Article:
Bruins

Wingels 'questionable' for Game 2 after Kadri hit

Wingels 'questionable' for Game 2 after Kadri hit

BRIGHTON, Mass – Tommy Wingels wasn’t on the practice ice on Friday morning as the Bruins went through a full skate at Warrior Ice Arena and he's “questionable” for Game 2 Saturday night after being the victim of a dangerous hit by the Maple Leafs' Nazem Kadri.

The Toronto forward is facing a phone hearing with the NHL Department of Player Safety on Friday afternoon after getting bounced from the Leafs' 5-1 loss with a five-minute major for charging along with a 10-minute misconduct.

“Wingels is still being evaluated by doctors today,” said Bruins coach Bruce Cassidy. “He’s obviously not out on the ice for that reason. Tomorrow we’ll get a better read on him, but I’d say he’s questionable for now. I wouldn’t rule him out, but we’ll see in the morning.”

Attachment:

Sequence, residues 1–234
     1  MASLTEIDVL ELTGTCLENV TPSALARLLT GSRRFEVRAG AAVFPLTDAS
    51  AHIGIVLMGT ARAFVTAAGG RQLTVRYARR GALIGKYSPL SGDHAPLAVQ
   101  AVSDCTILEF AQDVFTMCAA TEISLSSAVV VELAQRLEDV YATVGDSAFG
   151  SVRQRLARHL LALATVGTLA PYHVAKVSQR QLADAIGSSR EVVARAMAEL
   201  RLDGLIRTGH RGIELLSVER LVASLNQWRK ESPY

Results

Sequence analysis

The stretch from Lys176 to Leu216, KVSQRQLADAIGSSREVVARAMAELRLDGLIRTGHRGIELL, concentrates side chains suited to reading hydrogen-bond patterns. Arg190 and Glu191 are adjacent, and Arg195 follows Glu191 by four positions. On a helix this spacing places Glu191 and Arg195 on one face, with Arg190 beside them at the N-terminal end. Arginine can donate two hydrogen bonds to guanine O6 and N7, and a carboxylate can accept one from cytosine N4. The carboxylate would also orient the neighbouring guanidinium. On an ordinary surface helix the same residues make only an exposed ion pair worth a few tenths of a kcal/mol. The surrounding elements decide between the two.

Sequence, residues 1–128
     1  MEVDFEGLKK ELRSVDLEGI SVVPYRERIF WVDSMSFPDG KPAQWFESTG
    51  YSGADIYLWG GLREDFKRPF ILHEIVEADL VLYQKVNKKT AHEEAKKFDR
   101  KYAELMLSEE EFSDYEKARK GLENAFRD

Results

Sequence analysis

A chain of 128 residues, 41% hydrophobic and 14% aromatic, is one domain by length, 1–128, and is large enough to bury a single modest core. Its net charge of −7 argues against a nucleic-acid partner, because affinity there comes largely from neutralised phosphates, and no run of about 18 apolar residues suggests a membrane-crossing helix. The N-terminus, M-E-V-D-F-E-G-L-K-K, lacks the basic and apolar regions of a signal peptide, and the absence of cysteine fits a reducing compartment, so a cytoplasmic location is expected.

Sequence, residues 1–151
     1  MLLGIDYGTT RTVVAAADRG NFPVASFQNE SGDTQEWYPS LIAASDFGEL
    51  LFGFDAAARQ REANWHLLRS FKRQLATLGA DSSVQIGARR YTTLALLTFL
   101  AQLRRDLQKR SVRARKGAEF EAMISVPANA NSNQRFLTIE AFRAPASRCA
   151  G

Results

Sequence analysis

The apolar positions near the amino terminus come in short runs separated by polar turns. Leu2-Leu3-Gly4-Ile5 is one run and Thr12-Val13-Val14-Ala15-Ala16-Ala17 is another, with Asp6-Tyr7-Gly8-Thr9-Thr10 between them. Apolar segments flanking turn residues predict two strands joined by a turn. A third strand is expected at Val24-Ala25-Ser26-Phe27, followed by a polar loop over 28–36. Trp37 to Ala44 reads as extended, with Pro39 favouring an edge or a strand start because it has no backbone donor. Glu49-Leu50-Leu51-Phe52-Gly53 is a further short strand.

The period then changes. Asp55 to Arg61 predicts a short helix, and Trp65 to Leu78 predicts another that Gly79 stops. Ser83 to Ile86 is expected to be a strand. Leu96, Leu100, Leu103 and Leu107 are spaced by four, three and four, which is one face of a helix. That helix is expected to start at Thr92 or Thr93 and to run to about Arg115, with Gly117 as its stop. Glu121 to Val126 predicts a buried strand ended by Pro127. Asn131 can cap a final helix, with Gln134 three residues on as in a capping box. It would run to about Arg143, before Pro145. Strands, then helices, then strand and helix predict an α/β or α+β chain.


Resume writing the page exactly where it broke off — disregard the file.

Kadri launched himself at Wingels as the Bruins forward was on his knees against the boards and drove Wingels' head into the dasher as he charged full-force into him at impact. It’s expected that Kadri is going to get at least a one-game suspension for the hit and it could be more depending on the health of Wingels.

After the game, Kadri attempted to justify the hit by saying it was in retaliation for a Wingels high hit on Mitch Marner, but that kind of reasoning isn’t going to fly with the long arm of the NHL law.

“Initially I just thought he made contact with Mitchy's [Mitchell Marner] head to start, and I didn’t see a call there,” said Kadri. “He was turning up the wall, so I was coming into the hit, and then he ended up falling. It happened pretty quick, and I think he was reaching for the puck. I haven't really watched it yet, but I don't think I stuck my leg out or my arm out. Whatever the case is, but it’s in the hands of the NHL at this point.”